In a surprise announcement Monday, Brandon Simmons, chairman of the Patrick County Board of Supervisors, said that the hospital is not reopening as planned.
Following months of speculation, Patrick officials recently learned that its former hospital in Stuart will not reopen as planned. The county had received assurances that Foresight Health group, which purchased the facility in 2022, would be remodeling and reopening the facility by December 2023, a release stated.
No reason was given by Foresight for the change of plans.
“We are disappointed that the promises made to Patrick County leaders and citizens by this company will not be fulfilled,” said Simmons, who the announcement Monday at a board meeting.
He said speculation that the hospital would not reopen at all had been circulating for months.
“There is not currently any additional information to share about the future use of the property located at 18688 Jeb Stuart Highway,” he said.
Like many rural communities that lose their hospitals, Patrick County’s Pioneer Hospital closed in 2017. Healthcare access was the top identified need in a 2019 community health needs assessment and improvement plan led by the Virginia Department of Health (West Piedmont District).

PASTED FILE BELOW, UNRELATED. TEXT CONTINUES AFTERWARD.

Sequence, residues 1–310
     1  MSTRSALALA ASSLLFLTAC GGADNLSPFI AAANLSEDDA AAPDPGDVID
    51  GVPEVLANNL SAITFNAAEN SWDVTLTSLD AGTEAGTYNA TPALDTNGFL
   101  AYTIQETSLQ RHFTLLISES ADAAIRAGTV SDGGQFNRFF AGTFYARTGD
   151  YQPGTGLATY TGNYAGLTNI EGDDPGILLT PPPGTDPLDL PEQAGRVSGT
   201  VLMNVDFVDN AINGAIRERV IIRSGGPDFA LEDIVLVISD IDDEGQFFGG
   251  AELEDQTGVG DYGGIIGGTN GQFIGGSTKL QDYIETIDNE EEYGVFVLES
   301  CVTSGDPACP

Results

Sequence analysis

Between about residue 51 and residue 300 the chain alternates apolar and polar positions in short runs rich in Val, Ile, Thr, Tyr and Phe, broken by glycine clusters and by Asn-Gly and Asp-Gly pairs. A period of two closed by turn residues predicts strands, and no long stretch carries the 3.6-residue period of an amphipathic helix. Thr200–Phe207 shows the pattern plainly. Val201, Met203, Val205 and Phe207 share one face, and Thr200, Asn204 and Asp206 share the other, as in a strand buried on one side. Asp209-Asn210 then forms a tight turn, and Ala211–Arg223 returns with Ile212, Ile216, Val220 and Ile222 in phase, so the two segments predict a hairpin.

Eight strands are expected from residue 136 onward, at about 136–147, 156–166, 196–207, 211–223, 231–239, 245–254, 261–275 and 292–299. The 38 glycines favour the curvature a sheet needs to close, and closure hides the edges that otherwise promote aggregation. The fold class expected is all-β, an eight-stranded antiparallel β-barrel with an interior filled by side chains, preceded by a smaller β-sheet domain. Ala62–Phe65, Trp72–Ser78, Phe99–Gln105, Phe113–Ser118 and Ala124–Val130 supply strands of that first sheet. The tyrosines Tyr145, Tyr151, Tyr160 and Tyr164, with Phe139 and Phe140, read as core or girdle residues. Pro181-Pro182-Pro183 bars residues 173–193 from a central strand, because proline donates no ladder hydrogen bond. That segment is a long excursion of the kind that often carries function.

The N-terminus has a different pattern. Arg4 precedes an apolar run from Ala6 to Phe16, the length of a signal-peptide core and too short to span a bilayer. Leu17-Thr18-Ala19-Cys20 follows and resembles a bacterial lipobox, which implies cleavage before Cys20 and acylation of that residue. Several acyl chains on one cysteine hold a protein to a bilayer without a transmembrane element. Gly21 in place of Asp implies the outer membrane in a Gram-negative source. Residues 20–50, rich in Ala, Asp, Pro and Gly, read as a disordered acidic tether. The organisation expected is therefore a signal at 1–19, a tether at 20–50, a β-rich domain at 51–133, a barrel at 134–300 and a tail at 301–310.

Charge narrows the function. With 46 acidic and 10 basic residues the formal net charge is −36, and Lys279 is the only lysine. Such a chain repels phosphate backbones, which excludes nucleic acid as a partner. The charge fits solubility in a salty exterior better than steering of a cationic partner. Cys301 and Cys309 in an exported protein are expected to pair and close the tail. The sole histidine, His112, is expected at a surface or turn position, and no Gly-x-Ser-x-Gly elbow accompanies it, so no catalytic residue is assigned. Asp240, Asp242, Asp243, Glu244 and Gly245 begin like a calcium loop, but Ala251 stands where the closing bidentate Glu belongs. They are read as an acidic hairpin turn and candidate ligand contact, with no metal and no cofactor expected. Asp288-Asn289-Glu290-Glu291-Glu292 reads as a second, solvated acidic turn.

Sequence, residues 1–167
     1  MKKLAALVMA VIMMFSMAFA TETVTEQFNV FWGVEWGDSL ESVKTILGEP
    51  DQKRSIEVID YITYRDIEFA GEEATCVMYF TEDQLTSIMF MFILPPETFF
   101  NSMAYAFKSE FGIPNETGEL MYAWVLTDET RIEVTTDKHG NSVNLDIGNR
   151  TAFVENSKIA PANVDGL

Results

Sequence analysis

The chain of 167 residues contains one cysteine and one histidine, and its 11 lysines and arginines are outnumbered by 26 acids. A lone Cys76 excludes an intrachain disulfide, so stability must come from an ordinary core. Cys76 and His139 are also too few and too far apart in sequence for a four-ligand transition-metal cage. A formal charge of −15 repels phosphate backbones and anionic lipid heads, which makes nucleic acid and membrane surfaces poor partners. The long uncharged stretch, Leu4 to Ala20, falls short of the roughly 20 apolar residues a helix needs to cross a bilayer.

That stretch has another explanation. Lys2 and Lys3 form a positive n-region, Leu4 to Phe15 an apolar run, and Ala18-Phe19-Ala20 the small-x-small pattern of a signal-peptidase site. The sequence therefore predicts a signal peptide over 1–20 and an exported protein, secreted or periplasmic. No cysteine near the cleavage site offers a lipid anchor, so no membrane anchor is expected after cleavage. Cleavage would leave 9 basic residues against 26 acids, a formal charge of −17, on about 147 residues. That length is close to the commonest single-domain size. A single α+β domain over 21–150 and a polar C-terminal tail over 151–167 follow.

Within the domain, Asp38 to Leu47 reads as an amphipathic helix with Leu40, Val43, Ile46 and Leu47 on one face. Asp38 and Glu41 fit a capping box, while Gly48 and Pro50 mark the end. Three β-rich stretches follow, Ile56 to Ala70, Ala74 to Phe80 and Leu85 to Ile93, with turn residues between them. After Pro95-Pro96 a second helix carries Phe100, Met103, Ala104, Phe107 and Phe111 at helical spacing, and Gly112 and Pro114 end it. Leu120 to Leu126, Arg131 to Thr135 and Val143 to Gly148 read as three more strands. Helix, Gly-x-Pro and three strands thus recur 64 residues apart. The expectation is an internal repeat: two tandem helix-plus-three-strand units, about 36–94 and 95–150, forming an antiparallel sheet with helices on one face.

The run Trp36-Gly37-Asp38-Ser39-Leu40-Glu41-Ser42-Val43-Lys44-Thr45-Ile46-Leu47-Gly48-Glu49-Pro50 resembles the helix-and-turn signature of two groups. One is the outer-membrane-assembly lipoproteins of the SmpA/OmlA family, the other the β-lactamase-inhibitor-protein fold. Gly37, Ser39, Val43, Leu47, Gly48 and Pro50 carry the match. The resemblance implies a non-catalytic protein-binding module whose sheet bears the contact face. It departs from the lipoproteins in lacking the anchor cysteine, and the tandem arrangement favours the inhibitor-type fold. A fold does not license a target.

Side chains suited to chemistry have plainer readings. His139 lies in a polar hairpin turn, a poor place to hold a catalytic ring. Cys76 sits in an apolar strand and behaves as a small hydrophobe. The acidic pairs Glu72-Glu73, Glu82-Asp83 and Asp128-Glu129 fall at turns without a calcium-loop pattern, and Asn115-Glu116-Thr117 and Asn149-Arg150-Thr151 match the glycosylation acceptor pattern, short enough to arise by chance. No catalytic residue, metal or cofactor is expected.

“Foresight Health knows how important it is to have a hospital with an emergency room in this community,” Joseph Hyak-Reinholtz, the general counsel and Chief Operating Officer for Foresight Hospital and Health System, wrote in an emailed statement Friday. “Since we obtained ownership of the property formerly known as Pioneer Hospital, we have developed and considered several plans to achieve the goal of reopening the hospital.
“However, as 2023 turns into 2024, we have yet to develop a plan that makes sense both clinically and financially,” he wrote. “That is, we have yet to develop a plan that we believe can provide an adequate scope of services while also being profitable. That is precisely why we did not open the hospital in 2023.